This trial is active, not recruiting.

Condition infant, premature
Treatment vitamin a supplementation
Sponsor Eunice Kennedy Shriver National Institute of Child Health and Human Development (NICHD)
Start date January 2000
End date May 2004
Trial size 220 participants
Trial identifier NCT00063596, 5R01HD037263


Extremely low birth weight infants have decreased blood levels of Vitamin A. This Vitamin A deficiency may increase the risk of infections and chronic lung disease in these infants. This study will examine the effects of Vitamin A supplementation in premature babies born weighing less than 1500 grams (3.3 lbs).

United States No locations recruiting
Other countries No locations recruiting

Study Design

Allocation randomized
Endpoint classification safety/efficacy study
Intervention model parallel assignment
Masking double-blind
Primary purpose treatment

Primary Outcomes

Response to Hepatitis B vaccine
time frame:

Secondary Outcomes

Chronic lung disease
time frame:
Length of hospital stay
time frame:
Respiratory and GI infections to 9 months of age
time frame:
T-cell cytokine production and development
time frame:
T-cell subset development
time frame:

Eligibility Criteria

Male or female participants up to 3 days old.

Inclusion Criteria - Born at less than 32 weeks gestation - Weigh less than 1500 g (3.3 lbs) and more than 500 g (1.1 lbs)

Additional Information

Official title Vitamin A Therapy in Preterm Infants: Vaccine Response
Principal investigator Mark Ballow, MD
Description Vitamin A and its derivative retinoic acid (RA) have been recognized as important factors in potentiating the immune response and protecting against infection. In developing nations, Vitamin A deficiency is associated with infectious gastroenteritis and increased susceptibility to a number of infections, such as measles. RA is an important regulator of cell growth and differentiation and can augment IgM production from core blood mononuclear cells in response to a polyclonal B-cell activator. This augmentation in immunoglobulin secretion is mediated by the effects of RA on both T and B cells, in part through the production of certain cytokines (e.g., IL-6 and IL-10) important in the terminal differentiation of B-cells to plasma cells. In animal models, correction of Vitamin A deficiency improves immune response to vaccination. Infants with extremely low birth weight have low plasma and tissue concentrations of Vitamin A. Vitamin A supplementation of pre-term infants reduces chronic lung disease and the risk of sepsis. Because the immune system of the pre-term infant is immature, the response of pre-term infants to Hepatitis B vaccine is diminished compared to full-term babies. This study will determine whether Vitamin A supplementation of pre-term infants will enhance the response of these infants to immunization with Hepatitis B vaccine. The study will also evaluate the effect of Vitamin A supplementation on survival, chronic lung disease, and infection rate. Low birth weight pre-term infants will be randomized to receive either Vitamin A supplementation or placebo. The Vitamin A treatment group will receive 5,000 IU of Vitamin A (retinyl palmitate) by intramuscular injection 3 times weekly for 28 days starting on postnatal day 2. To avoid pain and discomfort, the placebo group will receive a sham procedure rather than a placebo saline injection. The staff of the neonatal intensive care unit will retain the responsibility for decisions regarding the use of other therapies, such as parental fluids, mechanical ventilation, glucocorticoids, hyperalimentation, and blood replacement. All infants will be assessed for potential Vitamin A toxicity. While in the neonatal intensive care unit, infants will have blood tests at Days 0, 14, 30, and 60. After discharge from the neonatal intensive care unit, patients return for clinic assessment and blood samples at Months 4, 6, and 9. Infants will be given Hepatitis B vaccine at 2, 4, and 6 months chronological age. Primary outcome measures will include Hepatitis B antibody levels, chronic lung disease, rate of infection while in the neonatal intensive care unit, and the incidence and severity of infections during the first 9 months of life.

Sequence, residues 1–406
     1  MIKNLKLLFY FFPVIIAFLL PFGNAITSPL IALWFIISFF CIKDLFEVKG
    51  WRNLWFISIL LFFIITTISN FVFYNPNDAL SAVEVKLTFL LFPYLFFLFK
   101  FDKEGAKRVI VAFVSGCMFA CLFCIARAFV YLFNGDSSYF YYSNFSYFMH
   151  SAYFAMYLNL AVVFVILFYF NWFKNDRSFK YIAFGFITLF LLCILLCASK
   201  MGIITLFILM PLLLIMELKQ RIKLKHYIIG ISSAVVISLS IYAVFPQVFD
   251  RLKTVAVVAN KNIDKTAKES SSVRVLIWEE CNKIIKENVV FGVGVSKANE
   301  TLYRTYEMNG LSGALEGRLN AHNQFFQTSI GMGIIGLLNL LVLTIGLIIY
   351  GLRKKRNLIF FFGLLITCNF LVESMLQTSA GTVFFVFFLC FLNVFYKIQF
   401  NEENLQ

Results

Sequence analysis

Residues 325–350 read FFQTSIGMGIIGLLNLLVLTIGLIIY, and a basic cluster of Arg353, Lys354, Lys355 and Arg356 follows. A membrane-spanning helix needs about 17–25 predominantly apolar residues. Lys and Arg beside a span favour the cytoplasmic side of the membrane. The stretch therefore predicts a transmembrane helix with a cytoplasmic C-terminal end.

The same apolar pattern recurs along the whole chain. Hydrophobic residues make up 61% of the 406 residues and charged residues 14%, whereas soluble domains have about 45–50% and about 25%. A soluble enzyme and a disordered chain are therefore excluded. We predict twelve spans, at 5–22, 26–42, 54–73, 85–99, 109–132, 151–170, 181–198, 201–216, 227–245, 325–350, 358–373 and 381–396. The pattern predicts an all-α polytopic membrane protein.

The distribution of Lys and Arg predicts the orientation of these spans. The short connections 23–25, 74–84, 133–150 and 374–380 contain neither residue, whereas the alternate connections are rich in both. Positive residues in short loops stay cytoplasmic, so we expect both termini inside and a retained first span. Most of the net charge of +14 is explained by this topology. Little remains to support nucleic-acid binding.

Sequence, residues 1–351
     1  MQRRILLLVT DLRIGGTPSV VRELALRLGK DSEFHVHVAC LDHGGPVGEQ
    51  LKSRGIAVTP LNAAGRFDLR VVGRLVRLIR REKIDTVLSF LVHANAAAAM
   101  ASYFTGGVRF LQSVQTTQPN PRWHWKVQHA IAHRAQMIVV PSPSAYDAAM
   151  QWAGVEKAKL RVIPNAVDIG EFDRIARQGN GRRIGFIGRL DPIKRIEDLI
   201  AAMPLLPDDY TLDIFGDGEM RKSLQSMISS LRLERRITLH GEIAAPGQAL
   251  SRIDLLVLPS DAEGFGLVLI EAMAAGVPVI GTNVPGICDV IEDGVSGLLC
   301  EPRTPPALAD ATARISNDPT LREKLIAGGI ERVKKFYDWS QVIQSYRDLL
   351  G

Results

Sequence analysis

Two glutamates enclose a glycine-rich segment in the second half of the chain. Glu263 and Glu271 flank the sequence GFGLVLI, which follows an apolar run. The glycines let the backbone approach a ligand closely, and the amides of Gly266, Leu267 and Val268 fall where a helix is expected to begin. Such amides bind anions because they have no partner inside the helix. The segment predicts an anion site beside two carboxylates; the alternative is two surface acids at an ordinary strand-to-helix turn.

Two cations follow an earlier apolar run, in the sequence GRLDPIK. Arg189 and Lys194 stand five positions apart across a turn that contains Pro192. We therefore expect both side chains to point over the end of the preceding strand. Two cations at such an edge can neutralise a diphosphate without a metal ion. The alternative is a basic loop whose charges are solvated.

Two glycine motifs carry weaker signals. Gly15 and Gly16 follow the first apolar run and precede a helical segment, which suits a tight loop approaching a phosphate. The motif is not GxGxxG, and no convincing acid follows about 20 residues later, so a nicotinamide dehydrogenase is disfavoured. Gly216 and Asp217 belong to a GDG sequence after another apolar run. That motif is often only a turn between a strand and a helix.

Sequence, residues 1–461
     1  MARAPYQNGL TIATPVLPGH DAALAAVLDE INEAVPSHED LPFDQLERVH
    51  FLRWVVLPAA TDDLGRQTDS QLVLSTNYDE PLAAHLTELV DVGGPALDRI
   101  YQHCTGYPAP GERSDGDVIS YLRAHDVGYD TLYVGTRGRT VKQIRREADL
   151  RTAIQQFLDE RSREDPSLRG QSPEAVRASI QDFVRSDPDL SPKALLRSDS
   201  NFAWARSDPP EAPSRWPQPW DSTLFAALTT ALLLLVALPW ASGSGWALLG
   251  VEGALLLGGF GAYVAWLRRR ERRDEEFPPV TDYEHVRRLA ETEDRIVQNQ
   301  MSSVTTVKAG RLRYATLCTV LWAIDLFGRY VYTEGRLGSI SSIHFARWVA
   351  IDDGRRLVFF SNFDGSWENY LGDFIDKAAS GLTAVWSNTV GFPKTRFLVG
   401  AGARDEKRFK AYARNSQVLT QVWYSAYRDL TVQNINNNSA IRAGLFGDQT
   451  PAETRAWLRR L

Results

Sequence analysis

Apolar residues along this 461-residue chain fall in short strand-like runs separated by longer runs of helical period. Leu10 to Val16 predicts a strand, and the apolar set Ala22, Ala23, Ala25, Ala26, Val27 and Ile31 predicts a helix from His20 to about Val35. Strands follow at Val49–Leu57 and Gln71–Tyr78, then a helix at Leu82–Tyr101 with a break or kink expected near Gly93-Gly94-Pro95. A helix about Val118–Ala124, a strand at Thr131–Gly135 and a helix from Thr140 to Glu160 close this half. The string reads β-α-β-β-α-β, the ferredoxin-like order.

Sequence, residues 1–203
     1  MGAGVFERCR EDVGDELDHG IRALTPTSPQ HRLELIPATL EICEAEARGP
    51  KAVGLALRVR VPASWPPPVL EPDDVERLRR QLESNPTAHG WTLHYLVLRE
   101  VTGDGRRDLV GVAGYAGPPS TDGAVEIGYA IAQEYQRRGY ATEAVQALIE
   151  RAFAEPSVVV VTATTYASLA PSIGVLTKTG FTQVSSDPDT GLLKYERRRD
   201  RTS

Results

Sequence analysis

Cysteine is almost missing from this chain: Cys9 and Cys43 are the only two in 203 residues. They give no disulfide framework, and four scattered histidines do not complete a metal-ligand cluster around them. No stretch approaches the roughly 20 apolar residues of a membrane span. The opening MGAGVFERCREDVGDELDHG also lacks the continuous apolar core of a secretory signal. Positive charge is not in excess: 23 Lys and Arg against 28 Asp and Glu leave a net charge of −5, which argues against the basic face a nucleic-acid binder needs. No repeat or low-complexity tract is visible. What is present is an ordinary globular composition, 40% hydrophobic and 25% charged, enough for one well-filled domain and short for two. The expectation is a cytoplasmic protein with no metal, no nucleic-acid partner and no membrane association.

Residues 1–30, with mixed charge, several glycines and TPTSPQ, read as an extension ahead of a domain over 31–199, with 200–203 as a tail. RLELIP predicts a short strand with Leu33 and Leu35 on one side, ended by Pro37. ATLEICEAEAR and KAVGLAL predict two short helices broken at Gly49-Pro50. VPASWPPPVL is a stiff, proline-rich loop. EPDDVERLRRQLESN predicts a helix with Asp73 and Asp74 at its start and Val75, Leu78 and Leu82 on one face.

Trial information was received from ClinicalTrials.gov and was last updated in June 2005.
Information provided to ClinicalTrials.gov by Eunice Kennedy Shriver National Institute of Child Health and Human Development (NICHD).